Sunday, September 1, 2013

The Deadest Horse of Them All: Dogs & Kids

By Eryka Kahunanui, KPA CTP, OSCT

Reposted with permission from

“There is really only one absolute rule in our home,” I tell K’s new nanny, “Baby and dogs are to never interact. Ever.”

The expression that covers her face is a reaction I see all the time from parents with dogs. It’s one filled with questions: Are the dogs “aggressive”? Does that mean they’ll bite me, too? Is that just while she’s gone? Are the dogs even safe to be around? My dog would never do anything to hurt us…

I explain to her, “I’m working on their tolerance for her behavior. We’ve made some significant progress so I need to make sure I can trust everyone before I will allow interactions without my supervision.”

Call me paranoid. Call me a helicopter mom. It’s a rule I will not bend.

In my profession, I hear all sorts of love stories involving children and dogs. One man’s dog guarded their newborn baby from anyone who tried to come near. Another woman told me how her dog would endure being placed in a bucket by her three-year old nephew. And better still, the stories of the dogs that let kids lie, ride or [insert verb here] on them. “The kids could do anything to this dog – he just stands there and takes it.” I always have to play along and force laughter.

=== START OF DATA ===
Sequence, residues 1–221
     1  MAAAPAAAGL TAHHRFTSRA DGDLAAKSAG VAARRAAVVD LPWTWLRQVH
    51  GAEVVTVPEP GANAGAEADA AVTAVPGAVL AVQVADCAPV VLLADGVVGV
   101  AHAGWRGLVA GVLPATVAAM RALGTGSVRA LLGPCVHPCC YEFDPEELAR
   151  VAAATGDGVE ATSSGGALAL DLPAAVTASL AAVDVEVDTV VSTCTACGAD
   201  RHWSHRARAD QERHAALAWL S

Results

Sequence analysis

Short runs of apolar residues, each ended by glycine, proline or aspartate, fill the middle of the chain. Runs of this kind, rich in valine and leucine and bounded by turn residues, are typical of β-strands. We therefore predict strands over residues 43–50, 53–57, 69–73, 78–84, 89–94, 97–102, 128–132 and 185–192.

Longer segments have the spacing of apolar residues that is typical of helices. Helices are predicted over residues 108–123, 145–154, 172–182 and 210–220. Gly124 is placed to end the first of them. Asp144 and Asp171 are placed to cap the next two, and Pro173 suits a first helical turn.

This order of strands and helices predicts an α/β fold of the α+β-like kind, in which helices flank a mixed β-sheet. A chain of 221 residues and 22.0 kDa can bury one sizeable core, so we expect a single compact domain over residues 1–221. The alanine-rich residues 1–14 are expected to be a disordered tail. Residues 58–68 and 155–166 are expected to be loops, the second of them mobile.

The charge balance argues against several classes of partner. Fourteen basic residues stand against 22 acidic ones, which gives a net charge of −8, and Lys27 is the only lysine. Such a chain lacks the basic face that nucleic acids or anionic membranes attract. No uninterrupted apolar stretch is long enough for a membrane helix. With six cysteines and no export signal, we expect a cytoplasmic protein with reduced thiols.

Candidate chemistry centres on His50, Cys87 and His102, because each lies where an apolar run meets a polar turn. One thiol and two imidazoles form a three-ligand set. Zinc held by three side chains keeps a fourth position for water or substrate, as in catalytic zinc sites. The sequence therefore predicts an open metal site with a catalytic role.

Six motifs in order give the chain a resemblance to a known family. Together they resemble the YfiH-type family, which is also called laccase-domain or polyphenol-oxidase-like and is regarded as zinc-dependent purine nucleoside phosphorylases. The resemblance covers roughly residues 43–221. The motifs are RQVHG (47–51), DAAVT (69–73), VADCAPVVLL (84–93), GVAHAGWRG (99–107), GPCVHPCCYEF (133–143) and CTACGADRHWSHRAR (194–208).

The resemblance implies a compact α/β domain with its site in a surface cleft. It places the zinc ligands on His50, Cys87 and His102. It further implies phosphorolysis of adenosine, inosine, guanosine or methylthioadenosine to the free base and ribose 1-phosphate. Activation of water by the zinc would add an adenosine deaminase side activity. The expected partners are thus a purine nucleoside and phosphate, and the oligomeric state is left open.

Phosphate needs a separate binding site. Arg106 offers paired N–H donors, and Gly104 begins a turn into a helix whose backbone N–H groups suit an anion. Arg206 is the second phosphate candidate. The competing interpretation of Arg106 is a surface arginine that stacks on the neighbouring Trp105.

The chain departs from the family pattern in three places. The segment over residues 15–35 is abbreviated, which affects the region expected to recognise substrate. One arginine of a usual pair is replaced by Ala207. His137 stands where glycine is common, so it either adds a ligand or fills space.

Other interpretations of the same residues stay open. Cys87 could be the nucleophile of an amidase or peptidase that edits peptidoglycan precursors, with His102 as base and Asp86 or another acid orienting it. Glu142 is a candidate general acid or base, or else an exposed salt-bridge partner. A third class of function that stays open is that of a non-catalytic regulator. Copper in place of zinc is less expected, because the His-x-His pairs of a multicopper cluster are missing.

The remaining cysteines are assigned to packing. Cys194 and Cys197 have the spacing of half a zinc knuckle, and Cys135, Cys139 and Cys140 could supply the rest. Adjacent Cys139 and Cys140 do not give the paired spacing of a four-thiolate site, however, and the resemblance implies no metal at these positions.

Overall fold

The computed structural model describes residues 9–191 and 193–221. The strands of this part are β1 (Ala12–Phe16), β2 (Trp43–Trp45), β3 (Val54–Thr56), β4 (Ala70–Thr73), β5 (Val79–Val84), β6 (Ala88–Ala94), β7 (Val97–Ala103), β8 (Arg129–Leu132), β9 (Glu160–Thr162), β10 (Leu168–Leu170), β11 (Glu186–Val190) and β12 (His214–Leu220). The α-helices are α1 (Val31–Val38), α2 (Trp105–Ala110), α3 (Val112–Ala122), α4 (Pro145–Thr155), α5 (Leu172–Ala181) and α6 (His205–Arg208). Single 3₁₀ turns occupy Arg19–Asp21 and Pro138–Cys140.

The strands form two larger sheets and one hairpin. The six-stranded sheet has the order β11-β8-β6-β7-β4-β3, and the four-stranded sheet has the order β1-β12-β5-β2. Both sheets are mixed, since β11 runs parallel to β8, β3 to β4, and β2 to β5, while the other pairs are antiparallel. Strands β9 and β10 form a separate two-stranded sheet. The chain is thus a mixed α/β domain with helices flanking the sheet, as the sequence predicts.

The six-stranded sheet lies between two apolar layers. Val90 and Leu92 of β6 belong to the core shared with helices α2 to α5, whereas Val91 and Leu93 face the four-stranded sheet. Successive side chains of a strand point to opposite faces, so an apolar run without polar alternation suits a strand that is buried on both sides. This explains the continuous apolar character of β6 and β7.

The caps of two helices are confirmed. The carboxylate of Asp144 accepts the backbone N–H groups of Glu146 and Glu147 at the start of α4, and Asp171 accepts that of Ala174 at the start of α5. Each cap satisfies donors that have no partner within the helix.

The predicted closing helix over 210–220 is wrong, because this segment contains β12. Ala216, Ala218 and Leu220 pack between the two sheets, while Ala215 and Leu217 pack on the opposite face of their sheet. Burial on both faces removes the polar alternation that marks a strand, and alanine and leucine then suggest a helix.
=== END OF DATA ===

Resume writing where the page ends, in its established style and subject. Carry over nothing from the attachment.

Usually, it’s the dog having to endure the child. Never have I heard a parent proudly exclaim,”My child was so good! She just sat there as our puppy pulled on her hair!” And that example isn’t a stretch: almost all of my clients with puppies and children complain of puppy pulling and biting little one’s hair.

Look, I get it. A dog’s loyalty is one of their most endearing qualities. They love us despite us. So when we have children, the one thing we love more than ourselves, we want to know that our dog will be just as loyal to them, if not more.

But we forget our relationship had to be earned with our dogs and it doesn’t just transfer over. It’s fair to assume your dogs will need time to form their own relationship with your child. My kid has to earn my dogs’ trust and so far, so good. And it might not even be the relationship you are dreaming of.
"I’m very aware that it may take a long ass time – as in 5+ years – before my child fully understands how to respect a creature with steak knives in its mouth."
My job until then is to convince my dogs that I will be a fair and consistent referee. I need to convince them that “I got this” – they don’t need to intervene because I will keep her away. Right now, it seems like she’s always crawling in their direction. At first, the dogs would immediately jump up and go somewhere else. After weeks of me intervening, they’ve come to trust that I won’t let her get near them and now they won’t even wake up from their slumber.

And I’ll say right now: I’m sure your dog is the exception. But what does it hurt if you take the extra precaution and just take it slow? Play your cards right and your dog and child will have many years to grow up alongside each other and get to know one another. Isn’t that worth a slow introduction in the beginning?

Read more from Eryka

Check out the Babysitter Rules from Doggone Safe

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